New evidence suggests the reign of the dinosaurs ended not with a whimper, but with a bang. Already, previous geological evidence of an apocalyptic meteor impact in what is now Mexico had led some paleontologists to believe in a massive extinction event. Now, the discovery of fossilized dinosaurs and eggshells in northeastern Russia supports the theory of a rapid extinction some 66 million years ago.
The shells are the first found at such a northerly latitude. The rich biodiversity of these fossils, which indicates that the dinosaurs weren't just visiting but lived in the locale, refutes the competing theory of gradual decline from a variety of factors such as loss of habitat, introduction of predators, and appearance of disease -- similar to the circumstances of many amphibians today. This lack of evidence for a long, slow decline is, according to the theory, a positive sign that there was, instead of a decline, a swift extinction.
But it's hardly conclusive. The odd geographical position of the site makes the fossil find fertile ground for argument on both sides of the rapid extinction debate. Accustomed to living at an average temperature of 50 degrees Fahrenheit, these cold-resistant species would have fared considerably better than tropical dinosaurs if a meteor strike initiated global cooling, for instance; so the rapid extinction theory does not provide a full accounting for their disappearance.
Despite remaining mysteries, this surprising discovery of cold-dwelling dinosaurs who were not just surviving, but flourishing soon before a potential doomsday-meteor impact is making many paleontologists rethink the world of 66 million years ago.
Could the extinction of the dinosaur be a result of a coronal event? Unlike prey which hides, and would possibly be less vuenerable to such an event, the dinosaur was right out there exposed to radiation. Another result of such an event would be a loss of vegetation, which could have caused them to starve world wide. Maybee??
This is also significant evidence for a completely different theory involving a flood. The flood was theoretically caused by the falling of a layer of water that had previously been trapped in the atmosphere and the bursting of underground water reservoirs. The flood which is a rapid extinction theory would have wiped out all land life out very quick, everywhere over the globe. The layer of water in the atmosphere previously mentioned would have increased pressure, humidity, temperature, filtered sunlight and would have made for overall better conditions here on Earth. This would have caused the dinosaurs to be thriving at the time of extinction. It would have also allowed hot climate animals to live in very, very northerly environments, which would explain the fossils locations.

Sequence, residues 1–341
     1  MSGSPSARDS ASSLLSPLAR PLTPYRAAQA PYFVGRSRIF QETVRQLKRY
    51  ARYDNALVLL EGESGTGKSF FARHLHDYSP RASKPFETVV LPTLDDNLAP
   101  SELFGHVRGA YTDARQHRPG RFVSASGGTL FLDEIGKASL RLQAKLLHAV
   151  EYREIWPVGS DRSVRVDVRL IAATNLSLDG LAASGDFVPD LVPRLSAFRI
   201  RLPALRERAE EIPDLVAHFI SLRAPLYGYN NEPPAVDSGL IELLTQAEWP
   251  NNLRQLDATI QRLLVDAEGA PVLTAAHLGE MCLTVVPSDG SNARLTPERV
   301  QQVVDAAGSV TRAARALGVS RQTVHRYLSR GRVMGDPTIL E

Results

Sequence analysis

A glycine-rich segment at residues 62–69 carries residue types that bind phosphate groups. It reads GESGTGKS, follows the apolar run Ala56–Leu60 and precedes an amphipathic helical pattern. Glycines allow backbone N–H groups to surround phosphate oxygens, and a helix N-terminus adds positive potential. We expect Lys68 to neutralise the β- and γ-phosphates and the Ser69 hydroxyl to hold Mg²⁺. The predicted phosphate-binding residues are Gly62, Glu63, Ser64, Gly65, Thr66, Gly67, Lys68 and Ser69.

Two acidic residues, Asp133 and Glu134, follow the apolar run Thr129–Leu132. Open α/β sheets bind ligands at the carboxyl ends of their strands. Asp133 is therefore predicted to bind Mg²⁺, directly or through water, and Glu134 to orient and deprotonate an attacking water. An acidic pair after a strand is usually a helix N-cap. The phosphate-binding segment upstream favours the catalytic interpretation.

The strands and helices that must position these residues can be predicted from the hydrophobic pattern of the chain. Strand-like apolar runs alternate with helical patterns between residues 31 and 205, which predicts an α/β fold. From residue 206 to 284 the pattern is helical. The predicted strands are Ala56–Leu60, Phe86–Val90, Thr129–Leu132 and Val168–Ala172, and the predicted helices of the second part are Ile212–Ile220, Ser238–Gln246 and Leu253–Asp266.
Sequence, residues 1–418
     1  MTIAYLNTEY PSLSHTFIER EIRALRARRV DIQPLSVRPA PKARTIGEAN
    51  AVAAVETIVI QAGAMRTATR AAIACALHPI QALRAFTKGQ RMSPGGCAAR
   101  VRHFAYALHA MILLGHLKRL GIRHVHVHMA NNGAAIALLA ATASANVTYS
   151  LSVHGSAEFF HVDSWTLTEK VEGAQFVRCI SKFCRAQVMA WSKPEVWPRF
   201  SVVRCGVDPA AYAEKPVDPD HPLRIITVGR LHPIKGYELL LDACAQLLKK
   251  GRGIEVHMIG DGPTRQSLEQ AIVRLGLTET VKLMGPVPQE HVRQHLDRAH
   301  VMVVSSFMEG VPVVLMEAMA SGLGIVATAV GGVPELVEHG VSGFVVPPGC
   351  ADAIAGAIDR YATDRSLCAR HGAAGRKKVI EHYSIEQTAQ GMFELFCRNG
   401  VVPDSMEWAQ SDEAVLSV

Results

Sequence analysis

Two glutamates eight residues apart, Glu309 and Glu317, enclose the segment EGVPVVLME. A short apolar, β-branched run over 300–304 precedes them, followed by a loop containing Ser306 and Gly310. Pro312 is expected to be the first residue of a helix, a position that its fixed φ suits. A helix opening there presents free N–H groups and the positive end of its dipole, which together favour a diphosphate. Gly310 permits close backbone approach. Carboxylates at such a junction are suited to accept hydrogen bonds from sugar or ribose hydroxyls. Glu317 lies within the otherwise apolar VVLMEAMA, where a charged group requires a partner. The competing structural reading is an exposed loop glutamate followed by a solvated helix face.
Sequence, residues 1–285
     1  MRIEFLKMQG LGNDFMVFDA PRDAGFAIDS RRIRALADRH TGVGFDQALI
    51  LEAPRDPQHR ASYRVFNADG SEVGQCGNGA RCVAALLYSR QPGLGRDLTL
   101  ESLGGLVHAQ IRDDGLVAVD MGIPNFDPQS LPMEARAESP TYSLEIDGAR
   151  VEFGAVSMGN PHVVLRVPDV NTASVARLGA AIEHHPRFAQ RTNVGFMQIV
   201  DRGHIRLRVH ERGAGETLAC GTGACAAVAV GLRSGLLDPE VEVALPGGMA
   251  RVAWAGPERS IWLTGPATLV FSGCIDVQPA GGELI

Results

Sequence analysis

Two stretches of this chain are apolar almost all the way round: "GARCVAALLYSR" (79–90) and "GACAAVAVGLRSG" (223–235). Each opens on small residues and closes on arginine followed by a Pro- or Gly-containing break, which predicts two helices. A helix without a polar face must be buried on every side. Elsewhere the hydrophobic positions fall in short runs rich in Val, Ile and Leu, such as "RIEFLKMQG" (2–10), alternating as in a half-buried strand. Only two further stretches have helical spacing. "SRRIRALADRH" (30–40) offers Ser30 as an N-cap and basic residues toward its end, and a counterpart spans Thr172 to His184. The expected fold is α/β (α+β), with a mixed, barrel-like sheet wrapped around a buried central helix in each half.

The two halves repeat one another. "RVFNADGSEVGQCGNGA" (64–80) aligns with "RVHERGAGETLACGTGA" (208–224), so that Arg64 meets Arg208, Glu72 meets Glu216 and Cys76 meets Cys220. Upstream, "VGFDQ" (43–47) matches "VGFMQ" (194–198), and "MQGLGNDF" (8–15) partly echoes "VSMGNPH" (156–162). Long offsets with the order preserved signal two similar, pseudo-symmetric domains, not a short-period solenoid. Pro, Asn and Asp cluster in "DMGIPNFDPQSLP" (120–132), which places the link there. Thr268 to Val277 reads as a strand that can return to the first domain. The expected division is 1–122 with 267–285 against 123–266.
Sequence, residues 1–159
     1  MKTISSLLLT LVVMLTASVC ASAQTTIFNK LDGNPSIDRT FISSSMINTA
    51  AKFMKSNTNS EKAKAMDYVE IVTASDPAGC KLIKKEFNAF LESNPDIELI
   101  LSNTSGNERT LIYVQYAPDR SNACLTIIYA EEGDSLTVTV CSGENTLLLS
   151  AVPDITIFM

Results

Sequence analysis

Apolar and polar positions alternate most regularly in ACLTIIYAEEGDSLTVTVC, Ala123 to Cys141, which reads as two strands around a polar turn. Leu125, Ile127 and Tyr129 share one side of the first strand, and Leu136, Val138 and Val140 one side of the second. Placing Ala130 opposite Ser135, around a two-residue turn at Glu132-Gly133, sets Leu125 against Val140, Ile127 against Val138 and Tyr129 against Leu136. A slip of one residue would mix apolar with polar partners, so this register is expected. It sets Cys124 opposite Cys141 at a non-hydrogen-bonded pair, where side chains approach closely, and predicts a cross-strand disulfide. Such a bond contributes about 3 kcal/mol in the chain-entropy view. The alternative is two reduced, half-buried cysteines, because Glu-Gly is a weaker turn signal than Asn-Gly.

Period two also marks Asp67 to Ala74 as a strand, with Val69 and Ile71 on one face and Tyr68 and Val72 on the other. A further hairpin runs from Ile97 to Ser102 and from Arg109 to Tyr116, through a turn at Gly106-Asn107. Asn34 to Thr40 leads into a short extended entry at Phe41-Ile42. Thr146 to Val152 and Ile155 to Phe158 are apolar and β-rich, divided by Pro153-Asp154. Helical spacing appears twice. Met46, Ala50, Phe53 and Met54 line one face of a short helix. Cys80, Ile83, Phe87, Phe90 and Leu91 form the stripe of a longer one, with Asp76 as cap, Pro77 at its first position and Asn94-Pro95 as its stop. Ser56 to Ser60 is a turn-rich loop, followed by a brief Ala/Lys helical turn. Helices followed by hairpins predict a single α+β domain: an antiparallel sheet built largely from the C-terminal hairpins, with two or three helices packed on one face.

Recently they've been talking about the massive release of volcanic material an area called the Siberian Traps being part of the culprit to the downfall of the dinosaurs. This would probably explain the even talked about in the article. The even was so massive that it supposedly released a large amount of sulfuric acid into the atmosphere. I don't know if they're related, but I wonder if the meteor strike could disrupt the earths plates enough to cause a large rupture on the other side of the planet?
Re: "average temperature of 50 degrees Fahrenheit"
Where does this number come from? With CO2 levels 10 times the current levels should the temperature not have been much higher? Or could the IPCC possibly be wrong.
I have asked Mr. Noble to question Dr. Keller that very question via the NY Times. However, the traps in question are in India (the Deccan Traps) which are opposite Yucatan and erupted some time after the impact leading to the K/T event. I have not read anything about it since.
The Siberian Traps are tied to the Bedout crater in Antarctica (again opposite side of the earth at the time) but that was the larger P/T or End Permian extinction (before dinosaurs evolved).
As you all point out above, many events could potentially have lead to a rapid extinction of dinosaurs. Although exact catastrophe is still unknown, many scientists favor the Yucatan impact as the instigator of rapid extinction, potential indirectly by, say, increasing volcanic activity and altering temperature. In any case, these new findings are pertinent because this is still a healthy area of research with many remaining mysteries.
As for the temperature (average of 50 F), the reporting scientists used thirty one characteristics of the many leaf-fossils found at the same site (Kakanaut, Russia) to determine seasonal temperatures and precipitation. The cold month temperatures they predict would have been between 32 and 42 degrees. As for disagreement with the IPCC, I cannot really speak to that figure, save to say that the cold months would have been above freezing quite close to the North Pole, according to this study.